Escudero admits mistake in voting for cybercrime law

Rio Rose Ribaya, Jonathan de Santos
Yahoo! Southeast Asia Newsroom27 September 2012

A controversial provision in anti-cybercrime law slipped under the noses of legislators in the Senate.

Senator Francis "Chiz" Escudero himself admits his oversight when he voted for the approval of Cybercrime Prevention Act.

"It was a mistake... I don’t want to give any reason or motive (why some senators inserted that provision)," Escudero explained.

"I will just admit our shortcomings, personally, because I can’t speak for other senators," he added.

Escudero, who filed a separate bill decriminalizing libel, confessed his failure to notice the new law's provision imposing criminal liability on libel.

But he vowed to make up for his mistake, disclosing he has taken steps to file another bill that would amend the recently-signed law.

“We are now studying filing an amendatory law this early to repeal that provision just to be consistent with my bill," Escudero revealed.

He expressed hope it would replace criminal with civil liability on those who will commit libel under the anti-cybercrime law.

“I’ll take out the criminal liability but the civil liability provision will be intact, meaning no jail penalty,” said the senator.

The reelectionist senator disclosed his plan to filing the amendatory bill during recess before lawmakers resume session on October 8.

Escudero explained hope that his bill would initiate steps for Congress to adopt a joint resolution that would postpone implementation of the controversial law.

Senator Teofisto Guingona III, the lone vote against the passage of the Cybercrime Prevention Act, meanwhile asked the Supreme Court on Thursday to void some

provisions in the law for being contrary to the Constitution.

Guingona also asked the court to issue a Temporary Restraining Order on the implementation of those provisions until the issue has been decided.

He said a provision on libel over the Internet carries a penalty heavier penalty than libel in traditional media, violates the right to equal protection under the law. Under the new law, libel over the Internet is punishable with a minimum of six years in prison while libel under the Revised Penal Code carries a maximum penalty of four years imprisonment.

"A law, to be valid, must apply to all members of the same class. Persons committing libel are similarly situated, whether using a computer system or not," he said. He added that the higher penalty comes at a time when decriminalizing libel has become an international trend.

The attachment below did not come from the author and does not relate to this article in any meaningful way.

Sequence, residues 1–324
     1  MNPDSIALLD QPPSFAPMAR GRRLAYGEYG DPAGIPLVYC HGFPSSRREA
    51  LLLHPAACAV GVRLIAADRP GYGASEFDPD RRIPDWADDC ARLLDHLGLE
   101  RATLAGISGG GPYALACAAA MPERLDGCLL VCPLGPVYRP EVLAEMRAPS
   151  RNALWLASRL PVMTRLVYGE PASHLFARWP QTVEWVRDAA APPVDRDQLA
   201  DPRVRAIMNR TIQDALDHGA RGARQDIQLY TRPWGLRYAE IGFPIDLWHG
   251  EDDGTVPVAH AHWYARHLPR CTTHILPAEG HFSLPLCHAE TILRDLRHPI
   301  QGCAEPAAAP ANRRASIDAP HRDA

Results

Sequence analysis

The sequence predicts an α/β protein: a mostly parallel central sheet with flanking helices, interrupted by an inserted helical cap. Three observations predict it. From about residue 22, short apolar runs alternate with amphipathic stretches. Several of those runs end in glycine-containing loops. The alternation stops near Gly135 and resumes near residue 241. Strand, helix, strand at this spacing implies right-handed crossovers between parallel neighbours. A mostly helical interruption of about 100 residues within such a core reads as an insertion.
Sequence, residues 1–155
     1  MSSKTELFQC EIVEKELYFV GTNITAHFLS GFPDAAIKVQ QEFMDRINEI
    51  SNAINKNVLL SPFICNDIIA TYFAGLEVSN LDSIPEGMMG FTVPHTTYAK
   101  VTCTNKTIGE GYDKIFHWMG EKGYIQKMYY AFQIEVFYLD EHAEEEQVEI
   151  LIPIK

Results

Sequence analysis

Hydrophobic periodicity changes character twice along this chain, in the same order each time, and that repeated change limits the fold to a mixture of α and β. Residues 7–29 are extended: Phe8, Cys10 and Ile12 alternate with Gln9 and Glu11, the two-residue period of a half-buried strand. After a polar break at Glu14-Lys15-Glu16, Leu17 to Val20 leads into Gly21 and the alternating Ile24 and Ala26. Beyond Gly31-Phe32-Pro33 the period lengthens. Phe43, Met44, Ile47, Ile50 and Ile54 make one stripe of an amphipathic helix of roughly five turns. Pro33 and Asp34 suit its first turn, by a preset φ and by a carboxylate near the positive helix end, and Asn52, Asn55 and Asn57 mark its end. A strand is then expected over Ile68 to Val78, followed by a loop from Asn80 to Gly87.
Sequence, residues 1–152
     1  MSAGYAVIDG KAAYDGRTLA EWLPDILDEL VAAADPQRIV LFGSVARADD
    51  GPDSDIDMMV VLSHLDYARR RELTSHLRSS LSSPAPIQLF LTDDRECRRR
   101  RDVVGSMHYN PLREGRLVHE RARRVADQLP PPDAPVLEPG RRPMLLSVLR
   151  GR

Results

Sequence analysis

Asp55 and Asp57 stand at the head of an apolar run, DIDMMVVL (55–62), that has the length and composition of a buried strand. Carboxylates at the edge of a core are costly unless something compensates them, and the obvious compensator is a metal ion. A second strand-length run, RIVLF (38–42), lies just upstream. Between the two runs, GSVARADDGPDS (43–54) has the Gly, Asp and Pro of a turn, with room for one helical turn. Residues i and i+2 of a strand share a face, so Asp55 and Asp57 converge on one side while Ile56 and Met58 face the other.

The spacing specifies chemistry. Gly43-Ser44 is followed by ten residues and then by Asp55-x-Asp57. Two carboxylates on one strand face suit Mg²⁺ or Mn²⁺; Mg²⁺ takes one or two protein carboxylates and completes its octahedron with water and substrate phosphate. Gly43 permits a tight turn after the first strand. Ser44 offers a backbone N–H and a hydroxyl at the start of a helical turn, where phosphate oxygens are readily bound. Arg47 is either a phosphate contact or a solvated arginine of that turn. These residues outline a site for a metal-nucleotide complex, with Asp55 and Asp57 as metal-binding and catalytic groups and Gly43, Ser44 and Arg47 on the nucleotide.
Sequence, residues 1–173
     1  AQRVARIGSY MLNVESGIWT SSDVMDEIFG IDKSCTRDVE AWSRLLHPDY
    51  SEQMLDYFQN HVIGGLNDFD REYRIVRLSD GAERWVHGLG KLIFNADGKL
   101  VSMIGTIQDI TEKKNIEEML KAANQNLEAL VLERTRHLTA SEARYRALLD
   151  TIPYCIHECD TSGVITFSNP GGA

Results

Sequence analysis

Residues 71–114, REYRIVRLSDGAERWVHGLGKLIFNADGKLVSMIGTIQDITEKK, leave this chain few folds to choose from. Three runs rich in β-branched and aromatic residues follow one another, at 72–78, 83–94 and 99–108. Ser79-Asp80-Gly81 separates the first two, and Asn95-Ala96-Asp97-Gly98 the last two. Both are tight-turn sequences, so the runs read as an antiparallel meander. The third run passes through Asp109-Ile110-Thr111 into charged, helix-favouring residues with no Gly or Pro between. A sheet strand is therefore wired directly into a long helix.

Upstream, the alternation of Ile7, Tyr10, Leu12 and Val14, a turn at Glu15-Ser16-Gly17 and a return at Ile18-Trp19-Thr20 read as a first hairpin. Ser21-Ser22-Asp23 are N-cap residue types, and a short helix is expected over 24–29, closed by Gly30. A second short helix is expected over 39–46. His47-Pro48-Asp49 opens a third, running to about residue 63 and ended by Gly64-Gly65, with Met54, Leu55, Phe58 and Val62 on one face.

The Cybercrime Act also leaves an individual open to prosecution for the same crime under the Revised Penal Code, which would violate the right against double jeopardy, Guingona said in his petition.

Guingona also criticized a provision on cybersex, saying the definition of the crime is too broad. The  Cybercrime Law penalizes the "lascivious exhibition of sexual organs or sexual activity with the aid of a computer system." Guingona argued that without a stricter definition of cybersex, even publishing nude materials classified as art online would be illegal.

The vagueness of the provision will mean that people will not know what acts are punishable by law, he said, adding it will also give law enforcement officers "unbridled discretion" in implementing the law.
The effect, he said, will be prior restraint on the freedom of expression.

Guingona also asks SC to void a provision that gives the Department of Justice "an 'extraordinary power' to issue an order restricting or blocking access to one's computer data based merely on prima facie evidence (of violations of the Cybercrime law)."

"Without affording the affected party with notice and hearing, the government could immediately, and without any warning, restrain a person's right to communicate and opportunity to access his personal data," he said.

Guingona warned that if the government is allowed to implement the "oppressive" provisions of the Cybercrime Law, "any computer user will now live in fear knowing that his critical comments, when published online, might expose him to criminal charges."

He said that although the country needs laws against cybercrimes, "a good law like the Cybercrime Prevention Act cannot be paralyzed by constitutionally-infirm provisions."